A more unusual, but strong, market force is at work in China: an anti-corruption drive led by the new president, Xi Jinping. The giving of expensive luxury items to government officials has been a standard part of bureaucratic and business life in China, and has contributed in part to the dramatic growth in revenues and profits for multinational luxury goods companies operating in the country. Mr Xi however has swept in with a determination to stamp out showy bureaucracy and waste, and high end restaurants have suffered as official banquets have been cancelled and luxury local liquor makers have seen demand drop significantly.
All this will send a shiver through Scotch whisky makers, as well as other luxury goods companies in the UK and Europe. The most recent evidence comes from Pernod Ricard, owner of the Chivas Regal brand, which has seen sales of its Scotch whisky fall by a double digit rate over the critical Chinese New Year period.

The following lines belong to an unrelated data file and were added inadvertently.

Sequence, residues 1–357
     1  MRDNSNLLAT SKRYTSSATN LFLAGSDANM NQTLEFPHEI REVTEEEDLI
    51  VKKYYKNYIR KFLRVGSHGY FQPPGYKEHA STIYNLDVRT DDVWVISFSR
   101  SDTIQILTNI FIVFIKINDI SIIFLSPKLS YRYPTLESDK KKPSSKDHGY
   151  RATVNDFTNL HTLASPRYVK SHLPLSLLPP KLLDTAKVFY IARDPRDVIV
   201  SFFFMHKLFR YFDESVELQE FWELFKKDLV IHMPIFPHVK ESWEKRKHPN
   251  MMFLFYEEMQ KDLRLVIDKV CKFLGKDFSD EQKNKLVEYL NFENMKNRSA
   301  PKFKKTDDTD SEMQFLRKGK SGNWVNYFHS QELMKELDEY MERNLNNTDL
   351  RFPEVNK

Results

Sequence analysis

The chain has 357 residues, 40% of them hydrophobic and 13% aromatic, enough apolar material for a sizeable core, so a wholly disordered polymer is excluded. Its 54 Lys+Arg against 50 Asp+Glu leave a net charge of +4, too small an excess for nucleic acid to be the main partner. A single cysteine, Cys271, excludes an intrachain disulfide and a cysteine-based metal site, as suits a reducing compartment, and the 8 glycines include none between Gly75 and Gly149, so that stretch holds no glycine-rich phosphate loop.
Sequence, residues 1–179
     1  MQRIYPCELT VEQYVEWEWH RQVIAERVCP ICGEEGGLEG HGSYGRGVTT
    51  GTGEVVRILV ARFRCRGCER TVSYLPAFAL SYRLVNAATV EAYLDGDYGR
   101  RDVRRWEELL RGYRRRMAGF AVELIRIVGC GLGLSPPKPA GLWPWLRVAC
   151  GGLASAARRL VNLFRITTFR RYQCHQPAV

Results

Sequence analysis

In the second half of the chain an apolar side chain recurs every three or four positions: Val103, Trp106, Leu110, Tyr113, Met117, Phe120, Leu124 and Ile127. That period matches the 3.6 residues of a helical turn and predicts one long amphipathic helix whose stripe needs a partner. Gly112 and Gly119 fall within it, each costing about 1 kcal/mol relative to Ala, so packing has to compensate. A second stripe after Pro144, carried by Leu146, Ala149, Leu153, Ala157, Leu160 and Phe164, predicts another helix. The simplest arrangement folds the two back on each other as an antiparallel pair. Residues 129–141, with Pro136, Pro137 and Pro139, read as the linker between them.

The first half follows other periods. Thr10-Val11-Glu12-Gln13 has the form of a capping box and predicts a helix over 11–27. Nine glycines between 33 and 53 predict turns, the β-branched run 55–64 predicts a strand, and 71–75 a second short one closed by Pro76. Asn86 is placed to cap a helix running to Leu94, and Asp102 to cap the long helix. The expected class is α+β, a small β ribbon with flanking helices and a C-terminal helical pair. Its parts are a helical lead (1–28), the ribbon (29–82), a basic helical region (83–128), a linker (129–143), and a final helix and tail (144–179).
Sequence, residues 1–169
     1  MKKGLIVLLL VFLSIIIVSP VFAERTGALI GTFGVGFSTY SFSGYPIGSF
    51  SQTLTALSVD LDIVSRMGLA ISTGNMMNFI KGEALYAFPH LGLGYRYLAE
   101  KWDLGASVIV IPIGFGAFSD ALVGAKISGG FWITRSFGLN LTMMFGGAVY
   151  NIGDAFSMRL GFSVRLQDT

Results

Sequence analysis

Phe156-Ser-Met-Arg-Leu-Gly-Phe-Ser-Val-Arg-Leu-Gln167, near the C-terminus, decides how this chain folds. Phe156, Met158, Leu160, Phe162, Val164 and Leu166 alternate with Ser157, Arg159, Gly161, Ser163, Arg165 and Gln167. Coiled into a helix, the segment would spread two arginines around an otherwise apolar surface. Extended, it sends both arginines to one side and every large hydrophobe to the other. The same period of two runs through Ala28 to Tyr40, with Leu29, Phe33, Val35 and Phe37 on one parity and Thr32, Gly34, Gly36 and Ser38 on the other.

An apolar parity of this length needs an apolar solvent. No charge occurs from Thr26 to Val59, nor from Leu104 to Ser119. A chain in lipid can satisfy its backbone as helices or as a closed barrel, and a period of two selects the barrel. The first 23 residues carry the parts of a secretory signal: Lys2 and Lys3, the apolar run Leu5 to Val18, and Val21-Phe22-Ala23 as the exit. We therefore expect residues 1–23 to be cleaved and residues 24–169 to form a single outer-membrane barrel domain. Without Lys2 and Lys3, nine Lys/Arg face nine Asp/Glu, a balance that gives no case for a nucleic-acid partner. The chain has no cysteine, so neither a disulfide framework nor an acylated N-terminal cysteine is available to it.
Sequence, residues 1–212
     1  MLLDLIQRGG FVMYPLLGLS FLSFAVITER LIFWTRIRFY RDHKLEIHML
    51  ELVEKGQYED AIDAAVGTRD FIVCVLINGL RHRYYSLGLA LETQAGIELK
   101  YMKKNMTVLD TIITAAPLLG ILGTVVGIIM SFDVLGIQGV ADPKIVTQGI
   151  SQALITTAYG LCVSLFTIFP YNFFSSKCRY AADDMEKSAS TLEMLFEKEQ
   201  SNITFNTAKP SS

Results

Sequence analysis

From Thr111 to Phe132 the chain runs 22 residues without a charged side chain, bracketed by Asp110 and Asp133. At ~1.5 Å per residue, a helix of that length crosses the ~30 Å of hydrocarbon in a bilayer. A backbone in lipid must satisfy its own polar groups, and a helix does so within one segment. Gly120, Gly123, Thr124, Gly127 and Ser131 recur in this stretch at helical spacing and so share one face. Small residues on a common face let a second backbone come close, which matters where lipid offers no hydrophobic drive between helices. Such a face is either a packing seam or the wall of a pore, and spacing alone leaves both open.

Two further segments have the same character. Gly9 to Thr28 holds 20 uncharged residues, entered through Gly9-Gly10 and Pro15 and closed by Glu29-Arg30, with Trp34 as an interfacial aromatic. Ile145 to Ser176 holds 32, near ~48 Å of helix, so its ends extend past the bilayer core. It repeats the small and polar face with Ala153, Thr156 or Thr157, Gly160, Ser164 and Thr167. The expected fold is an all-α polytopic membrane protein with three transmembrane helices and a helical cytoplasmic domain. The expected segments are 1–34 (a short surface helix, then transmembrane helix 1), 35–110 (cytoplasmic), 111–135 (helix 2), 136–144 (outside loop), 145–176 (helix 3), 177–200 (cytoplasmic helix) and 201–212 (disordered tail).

Canadean’s local team are also reporting a slowdown in the sales value of red wine, as China’s wine drinkers switch to mid-range brands and the extraordinary growth in demand for top level labels such as Lafite, is finally checked.
Is this a short term blip or a sign of things to come? This partly depends on the strength of will of Mr Xi, and how long his commitment to the anti-corruption campaign lasts. For now, the luxury goods makers who have enjoyed this source of almost unfettered demand, will need to look to the rising income of the average Chinese consumer to drive growth – thus aligning with the government’s aim of middle class enrichment as the next phase of China’s economic growth.